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take two of a Velib bike ride along the Seine and Parisian fights over raclette

Day 67 - another Sunday bike ride along the Seine, Laduree, raclette sandwiches at the Christmas market


After our disastrous Sunday bike ride last week, I wake up this Sunday morning - lies - more like Sunday afternoon - and, inexplicably, I want to do it all again. Rob has to check several times that I haven't lost my mind. But no, I'm sure. I know what to do now and what to expect. 



Our bike ride from the Latin Quarter, along the River Seine, and through to the Place de la Concorde is brilliant. Calm, serene, happy, lined with slowly cascading autumn leaves. 


Even the teeth-rattling experience of biking on thick cobblestones or carrying bikes up the steps we cannot avoid along the river, is an experience rather than an ordeal. 


Some of the spots under the bridges smell thickly of urine and homeless person but again, we're biking along the River Seine and the Notre Dame is an immovable thing in our horizon.


With absolutely no one else on the path and miles of room, again, I crash slowly into a wall. It comes as a surprise. The wall just jumped out at me. 


We stash our Velib bikes back on a stand near the Place de la Concorde and cross this grand roundabout one last time.


The Christmas lights and decorations are out and on, even in the late afternoon sun. I'm surprised that the French consider tinsel as a legitimate Christmas decoration. The last winter when I was here, they'd strung up lights in the shape of grand chandeliers along the Rue St Honore. This year, the tinsel and golden horns stuffed with gold and silver balls feels like filling to make up for the lack of grand light schemes.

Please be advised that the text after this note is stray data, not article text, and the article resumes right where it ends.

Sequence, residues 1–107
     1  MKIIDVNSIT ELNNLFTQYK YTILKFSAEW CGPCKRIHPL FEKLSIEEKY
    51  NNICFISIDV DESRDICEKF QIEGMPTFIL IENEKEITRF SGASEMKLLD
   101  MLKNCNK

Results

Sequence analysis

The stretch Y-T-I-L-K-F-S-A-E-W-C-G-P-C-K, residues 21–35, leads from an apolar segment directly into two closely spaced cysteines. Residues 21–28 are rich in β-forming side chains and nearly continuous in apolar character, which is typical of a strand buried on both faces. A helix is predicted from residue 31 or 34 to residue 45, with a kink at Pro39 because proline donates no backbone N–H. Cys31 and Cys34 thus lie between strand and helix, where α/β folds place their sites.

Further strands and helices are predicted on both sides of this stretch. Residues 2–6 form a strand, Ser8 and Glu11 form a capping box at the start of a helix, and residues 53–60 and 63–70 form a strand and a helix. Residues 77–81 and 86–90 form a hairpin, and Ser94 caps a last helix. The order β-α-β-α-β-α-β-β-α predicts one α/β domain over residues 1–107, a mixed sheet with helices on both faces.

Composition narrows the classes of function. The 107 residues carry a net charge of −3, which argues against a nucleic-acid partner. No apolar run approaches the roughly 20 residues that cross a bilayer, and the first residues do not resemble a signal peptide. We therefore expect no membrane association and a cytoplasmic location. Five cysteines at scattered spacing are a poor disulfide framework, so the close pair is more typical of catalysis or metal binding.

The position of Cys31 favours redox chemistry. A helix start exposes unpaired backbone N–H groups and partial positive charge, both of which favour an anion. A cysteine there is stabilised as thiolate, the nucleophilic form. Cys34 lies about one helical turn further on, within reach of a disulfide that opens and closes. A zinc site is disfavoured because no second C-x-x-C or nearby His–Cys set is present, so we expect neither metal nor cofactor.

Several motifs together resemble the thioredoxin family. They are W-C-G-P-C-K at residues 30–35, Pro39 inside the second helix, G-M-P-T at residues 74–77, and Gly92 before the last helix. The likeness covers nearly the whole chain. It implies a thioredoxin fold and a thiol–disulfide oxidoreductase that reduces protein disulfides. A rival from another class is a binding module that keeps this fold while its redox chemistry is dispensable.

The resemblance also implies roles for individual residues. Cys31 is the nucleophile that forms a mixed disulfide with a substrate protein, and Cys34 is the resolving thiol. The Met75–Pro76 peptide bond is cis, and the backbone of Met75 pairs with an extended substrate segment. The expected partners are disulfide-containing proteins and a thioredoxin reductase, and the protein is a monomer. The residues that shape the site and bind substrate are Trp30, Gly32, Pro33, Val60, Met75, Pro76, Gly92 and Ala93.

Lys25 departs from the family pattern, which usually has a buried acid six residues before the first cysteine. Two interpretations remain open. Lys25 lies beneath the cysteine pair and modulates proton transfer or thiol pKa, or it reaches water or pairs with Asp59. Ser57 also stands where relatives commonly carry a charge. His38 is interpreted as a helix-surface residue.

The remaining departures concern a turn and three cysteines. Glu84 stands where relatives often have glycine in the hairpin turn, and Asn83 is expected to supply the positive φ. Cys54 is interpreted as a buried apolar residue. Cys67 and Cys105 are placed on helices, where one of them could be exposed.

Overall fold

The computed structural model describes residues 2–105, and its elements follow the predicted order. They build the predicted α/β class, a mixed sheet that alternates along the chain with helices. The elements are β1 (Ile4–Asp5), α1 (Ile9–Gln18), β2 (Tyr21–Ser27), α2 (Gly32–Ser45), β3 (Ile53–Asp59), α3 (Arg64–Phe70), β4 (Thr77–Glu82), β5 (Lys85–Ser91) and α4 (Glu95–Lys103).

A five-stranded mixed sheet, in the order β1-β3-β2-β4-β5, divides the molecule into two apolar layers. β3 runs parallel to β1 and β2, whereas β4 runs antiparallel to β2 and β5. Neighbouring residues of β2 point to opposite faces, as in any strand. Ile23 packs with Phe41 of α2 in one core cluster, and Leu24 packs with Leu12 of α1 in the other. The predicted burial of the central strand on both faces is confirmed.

I arrive at my destination - a Laduree. The windows have a tropical jungle theme and the seasonal macaroons are covered in gold leaf. Mais oui! There's gold foil cut outs of pineapples and the boxes are printed with patterns of thick jungle leaves. Laduree has gone native this Christmas. I freak out.


Inside, I'm indecisive about my macaroon flavours and my box choice but my lovely Laduree server is brisk and wants me to hurry up, in the nicest possible way. The seasonal flavours currently available are Chestnut and White Sesame. I choose the Arabesque Noir box out of haste and regret it almost immediately. It's black white with swirling purple patterns. Such a gross colour combination. And then I race through my 8 macaroon choices. All for around 18 euros. Which comes to about 2.30 euro per macaroon. To compare, the macaroons at Carl Marletti across the road from our apartment is 1.30 euro. I've seen them go for as low as 1 euro at reputable patisseries across the city. Rob asks whether French people actually eat macaroons from Laduree. That's a good question.


We're hungry from the bike ride and on the approach to the Champs Elysees, a Christmas market has been set up. It's packed but we're used to the Sunday Parisian crush by now.